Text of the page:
This year the photographer Vincent Cornelli celebrates that 15 years has passed since he abandoned his home in New York to begin the adventure of shooting urban art. And now Vinny has decided to share some of his experiences with us through his own stories. Ladies and gentlemen, we welcome you to “Vincent Cornelli’s Diary”.
Post 1 – Photo: Faile, et al (NYC)
Hi. I am Vinny (@streetlayers). From time to time, you’ll likely hear from me…right here. So who am I? Over the next few posts, it’s my hope we’ll fill in a few of those gaps. However, at the base of it – I document urban art.
In fact, this year I will have crossed my 15th year doing just that. In 2005, I began photographing the urban art movement from my former home of New York City. What started as a hobby has since transitioned into leaving my career and home, with a camera and backpack. On July 4, 2014, I kicked off my journey to just that, but worldwide. Since then, I have lived on the road. Having not stopped since, in over 5.5 years time, I have documented in 325+ cities across 6 continents, in 65+ countries. I have split my energy into documenting existing walls, while also linking up with ~500 artists in process on the street, in the studio, or in random, unique and/or abandoned spaces.
It’s my hope to share some of my experiences with you here.
It seems fitting to start with this photo of the famed 11 Spring Street, taken back in 2006. For me, 11 Spring was where everything kicked off – in terms of defining my focal point, and eventually coming out the other side to now be writing y’all.
“The building itself, at 11 Spring Street, is a legend in it’s own right. Throughout the years, artists from various parts of the city, and world, would come here to paint.”
On the odd Saturday morning, I’d leave my Lower East Side flat with a smoke, my iPod, and my camera over the shoulder. Securing a double-espresso nearby, Id stand across the street, light my smoke, listen to my music, drink my coffee and simply study the wall. I found it cathartic. After my coffee, I’d walk right up to the wall, and again stare. There was more than one occasion where passerby’s would stop and ask me what I was doing. Looking back, I think it was partly due to the fact that I had no idea how to use a camera. While that’s another story for another day, this was the wall where I first really experimented.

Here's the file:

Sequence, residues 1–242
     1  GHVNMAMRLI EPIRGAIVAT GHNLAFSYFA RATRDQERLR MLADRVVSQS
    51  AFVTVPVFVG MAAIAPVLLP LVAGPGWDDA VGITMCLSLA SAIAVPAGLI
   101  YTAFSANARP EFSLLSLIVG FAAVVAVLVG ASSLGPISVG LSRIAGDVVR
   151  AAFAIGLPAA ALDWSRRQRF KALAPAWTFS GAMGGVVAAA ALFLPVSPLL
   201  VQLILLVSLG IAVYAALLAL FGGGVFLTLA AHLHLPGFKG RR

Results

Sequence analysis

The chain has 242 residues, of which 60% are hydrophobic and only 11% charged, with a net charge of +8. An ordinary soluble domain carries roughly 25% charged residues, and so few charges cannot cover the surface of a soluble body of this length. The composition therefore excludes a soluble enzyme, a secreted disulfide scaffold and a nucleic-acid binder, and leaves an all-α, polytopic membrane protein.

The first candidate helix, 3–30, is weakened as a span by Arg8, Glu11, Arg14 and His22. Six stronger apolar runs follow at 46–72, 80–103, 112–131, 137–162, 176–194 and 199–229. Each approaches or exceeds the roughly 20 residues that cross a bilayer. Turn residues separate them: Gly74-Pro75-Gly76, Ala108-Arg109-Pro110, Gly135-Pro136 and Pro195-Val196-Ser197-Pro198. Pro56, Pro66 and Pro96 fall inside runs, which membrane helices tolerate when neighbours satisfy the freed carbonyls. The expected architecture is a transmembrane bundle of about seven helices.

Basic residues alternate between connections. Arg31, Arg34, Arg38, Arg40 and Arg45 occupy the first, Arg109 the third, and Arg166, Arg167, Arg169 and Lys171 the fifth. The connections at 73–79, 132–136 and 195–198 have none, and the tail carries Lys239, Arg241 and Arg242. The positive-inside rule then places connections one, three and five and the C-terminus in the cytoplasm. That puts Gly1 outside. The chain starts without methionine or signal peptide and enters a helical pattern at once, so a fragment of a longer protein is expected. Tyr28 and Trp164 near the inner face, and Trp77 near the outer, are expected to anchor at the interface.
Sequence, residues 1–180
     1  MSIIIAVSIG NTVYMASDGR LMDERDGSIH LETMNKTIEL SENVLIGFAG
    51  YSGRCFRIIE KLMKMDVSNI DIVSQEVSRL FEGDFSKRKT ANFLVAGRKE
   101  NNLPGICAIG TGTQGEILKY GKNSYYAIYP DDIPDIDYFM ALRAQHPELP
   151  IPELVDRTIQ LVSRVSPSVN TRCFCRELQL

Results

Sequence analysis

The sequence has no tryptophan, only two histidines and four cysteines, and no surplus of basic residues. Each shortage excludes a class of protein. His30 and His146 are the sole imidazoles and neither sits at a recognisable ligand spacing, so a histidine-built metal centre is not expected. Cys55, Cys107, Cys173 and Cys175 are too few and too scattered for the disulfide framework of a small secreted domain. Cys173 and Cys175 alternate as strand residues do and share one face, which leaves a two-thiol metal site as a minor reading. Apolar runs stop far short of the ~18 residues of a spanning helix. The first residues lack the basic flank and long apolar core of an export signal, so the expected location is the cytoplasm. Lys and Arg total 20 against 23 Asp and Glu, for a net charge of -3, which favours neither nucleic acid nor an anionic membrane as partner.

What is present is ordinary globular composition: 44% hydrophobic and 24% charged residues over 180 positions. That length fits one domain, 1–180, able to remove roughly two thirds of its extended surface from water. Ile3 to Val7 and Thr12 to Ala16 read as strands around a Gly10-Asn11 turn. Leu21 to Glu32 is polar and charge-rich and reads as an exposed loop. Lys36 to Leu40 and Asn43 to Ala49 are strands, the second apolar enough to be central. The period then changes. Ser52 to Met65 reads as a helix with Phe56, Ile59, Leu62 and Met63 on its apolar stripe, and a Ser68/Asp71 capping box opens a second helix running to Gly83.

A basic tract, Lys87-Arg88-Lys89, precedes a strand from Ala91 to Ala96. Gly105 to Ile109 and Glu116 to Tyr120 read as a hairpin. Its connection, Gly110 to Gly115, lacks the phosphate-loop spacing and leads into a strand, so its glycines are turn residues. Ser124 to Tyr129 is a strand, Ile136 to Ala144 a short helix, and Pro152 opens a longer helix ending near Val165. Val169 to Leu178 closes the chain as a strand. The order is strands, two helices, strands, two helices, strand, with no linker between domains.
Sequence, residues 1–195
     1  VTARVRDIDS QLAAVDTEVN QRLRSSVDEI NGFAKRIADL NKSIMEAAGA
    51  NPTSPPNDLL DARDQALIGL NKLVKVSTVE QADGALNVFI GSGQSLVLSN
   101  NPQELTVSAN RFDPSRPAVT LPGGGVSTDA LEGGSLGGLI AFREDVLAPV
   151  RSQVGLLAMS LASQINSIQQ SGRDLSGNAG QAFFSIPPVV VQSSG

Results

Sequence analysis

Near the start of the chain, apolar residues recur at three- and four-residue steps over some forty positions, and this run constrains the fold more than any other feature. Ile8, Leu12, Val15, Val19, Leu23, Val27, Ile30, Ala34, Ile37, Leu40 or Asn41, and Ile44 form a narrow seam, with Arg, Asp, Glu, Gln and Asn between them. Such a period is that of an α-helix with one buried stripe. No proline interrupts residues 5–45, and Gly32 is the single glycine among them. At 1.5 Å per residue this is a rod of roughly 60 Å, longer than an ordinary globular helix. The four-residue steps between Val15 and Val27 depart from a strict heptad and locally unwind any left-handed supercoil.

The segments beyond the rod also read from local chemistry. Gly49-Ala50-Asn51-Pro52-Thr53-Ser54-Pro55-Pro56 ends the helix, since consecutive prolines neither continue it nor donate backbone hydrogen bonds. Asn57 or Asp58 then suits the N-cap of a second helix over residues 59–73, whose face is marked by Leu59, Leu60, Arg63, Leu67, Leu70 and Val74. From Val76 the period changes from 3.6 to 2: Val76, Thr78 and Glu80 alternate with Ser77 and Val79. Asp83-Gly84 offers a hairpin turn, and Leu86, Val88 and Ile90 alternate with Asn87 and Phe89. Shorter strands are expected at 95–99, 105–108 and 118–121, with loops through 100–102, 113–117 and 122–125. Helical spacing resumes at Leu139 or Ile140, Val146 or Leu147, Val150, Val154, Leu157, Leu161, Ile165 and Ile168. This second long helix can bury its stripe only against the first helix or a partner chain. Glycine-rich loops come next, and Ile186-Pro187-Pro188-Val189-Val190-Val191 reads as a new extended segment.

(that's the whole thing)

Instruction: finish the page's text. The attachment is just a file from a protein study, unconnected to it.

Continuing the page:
The building itself, at 11 Spring Street, is a legend in it’s own right. Throughout the years, artists from various parts of the city, and world, would come here to paint. Given the recent commodification of mural art festivals, etc., by today’s standard, that doesn’t seem like such a big deal…but at the time? It was incredible.
“I can’t remember exactly how many blocks long the line to enter was”
To wrap this story up, at the close of 2006, Wooster Collective (run by the lovely Sara Schiller and Marc Schiller), in conjunction with the new owners of the building, put on an exceptional indoor exhibition with many of the greats you see today, and some that have since moved on. I can’t remember exactly how many blocks long the line to enter was, but I remember it being the first time in my life I ever saw a real NYC queue.
From left to right, you can find pieces from Cheeky, Stikman, Faile, JR, Rambo, WK, Bast, Skewville, IRAK Crew, and Hektad.
2 What do you think?
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